v1.0.0 preview 1 seems very solid and is certainly worth looking at if anyone is just starting out with a new game or project. If devs tried earlier versions, like we did, and walked away, now is the time to come back and take another look.

    Unity, it's been a while in coming, but we think it has been worth the wait.
     
    Lars-Steenhoff and Rene-Damm like this.
  15. JamhammerRob

    JamhammerRob

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    Have there been any examples of dealing with multi playerInputs, UI systems and how to manage the multi event system along with the uiinputmodule? We've begun retrofitting the new system into our game and are getting to the point where we be dealing with UIs and it's a bit muddy at the moment. Thanks!
     
  16. Rene-Damm

    Rene-Damm

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    Unfortunately, we don't have a sample for that ATM. Overall, I'd say our samples have proven quite inadequate so far and spending some time there is on the list. Here's my personal list ATM of what I'd like to see happening.
    1. Add simple touch sample.
    2. Simplify SimpleDemo to really be simple.
    3. Add sample for local multiplayer setup including UI.
    4. Add sample for rebinding UI.
    5. Add EditorWindow sample.
    6. Add sample for input recording and playback.
     
    VOTRUBEC and Lars-Steenhoff like this.
  17. mahdi_jeddi

    mahdi_jeddi

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    One thing that got me during the setup process was not setting a default Map (Player/UI) on the player input component, that prevented input. I think there should be warning log or message on the debugger when no Map is enabled at the moment. The idea of input debugger is really genius and I think you should use it more for this kinds of trouble shooting.

    This is actually one of the things that I have problem with I use ReWired for input. It's really simple and easy to miss, like not having a audio listener in the scene or having 2 of them.
     
    scvnathan likes this.
  18. Ofx360

    Ofx360

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    Seems like no matter what i do, my input context is only triggering the "Waiting" phase. Anything i'm missing?

    Edit: Ahh, on second look of the documentation, it looks like you have to trigger the various phases yourself.

    Edit2: One thing that threw me for a long loop was trying to figure out why ReadValue() was putting out a value when I was only triggering Started. I was thinking that it would only send the value when performed was triggered. But using using the built in Interactions, i also see it sending values when you wouldn't expect them to be sent. I'm guessing the only way to properly use interactions is to use the callbacks?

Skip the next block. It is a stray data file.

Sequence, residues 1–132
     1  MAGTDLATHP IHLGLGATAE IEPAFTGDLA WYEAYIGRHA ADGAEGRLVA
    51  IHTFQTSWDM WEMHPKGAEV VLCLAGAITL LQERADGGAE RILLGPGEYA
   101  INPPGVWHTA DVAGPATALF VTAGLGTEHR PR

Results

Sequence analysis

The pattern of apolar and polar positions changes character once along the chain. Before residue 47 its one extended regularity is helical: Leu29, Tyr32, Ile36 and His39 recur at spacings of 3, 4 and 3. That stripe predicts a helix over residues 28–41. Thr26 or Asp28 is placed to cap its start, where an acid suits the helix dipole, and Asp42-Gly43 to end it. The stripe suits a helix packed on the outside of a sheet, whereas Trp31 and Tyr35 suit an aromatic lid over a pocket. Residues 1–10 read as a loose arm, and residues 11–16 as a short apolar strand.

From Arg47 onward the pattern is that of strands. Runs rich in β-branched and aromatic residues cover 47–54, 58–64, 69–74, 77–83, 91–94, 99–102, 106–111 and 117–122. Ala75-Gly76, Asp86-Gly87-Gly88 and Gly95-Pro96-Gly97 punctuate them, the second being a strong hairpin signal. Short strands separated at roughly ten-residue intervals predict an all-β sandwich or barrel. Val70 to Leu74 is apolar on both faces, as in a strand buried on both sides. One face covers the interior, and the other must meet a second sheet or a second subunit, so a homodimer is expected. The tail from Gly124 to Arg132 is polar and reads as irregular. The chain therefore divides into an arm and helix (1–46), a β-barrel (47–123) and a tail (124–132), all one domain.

Is it possible to have a ReadValuePerformed()? I guess we could also use .triggered and then read the value as well.
     
    Last edited: Oct 19, 2019
  19. Ofx360

    Ofx360

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    So i finally got to work on a repeater interaction and it seems to work for the most part, but i'm running into an issue where when i first press the button, both PerformedAndStayStarted() (one within the timerHasExpired if statement and the one in the ControlIsActuated() if statement) go off. If i change the repeatRate to something like 5, then it works like expected, where the if statement checking for Actuation goes off, then after ~5 seconds, the time expired check goes off. With it at 1 second, i wouldn't assuming a quick tap would set off the timer check, but it does at times. And at 0.5, its impossible to tap quick enough to not trigger it.

    Is there something i'm just not understanding about SetTimeout() or timerHasExpired here? Maybe my whole approach is off

    Code (CSharp):
    1. using UnityEngine.InputSystem;
    2.  
    3. public class RepeaterInteraction : IInputInteraction
    4. {
    5.     public float repeatRate = 1f;
    6.  
    7.     public void Process(ref InputInteractionContext ctx)
    8.     {
    9.         var defaultActuation = InputSystem.settings.defaultButtonPressPoint;
    10.  
    11.         if (ctx.timerHasExpired)
    12.         {
    13.             ctx.PerformedAndStayStarted();
    14.             ctx.SetTimeout(repeatRate);
    15.         }
    16.  
    17.         switch(ctx.phase)
    18.         {
    19.             case InputActionPhase.Waiting:
    20.                 if (ctx.ControlIsActuated(defaultActuation))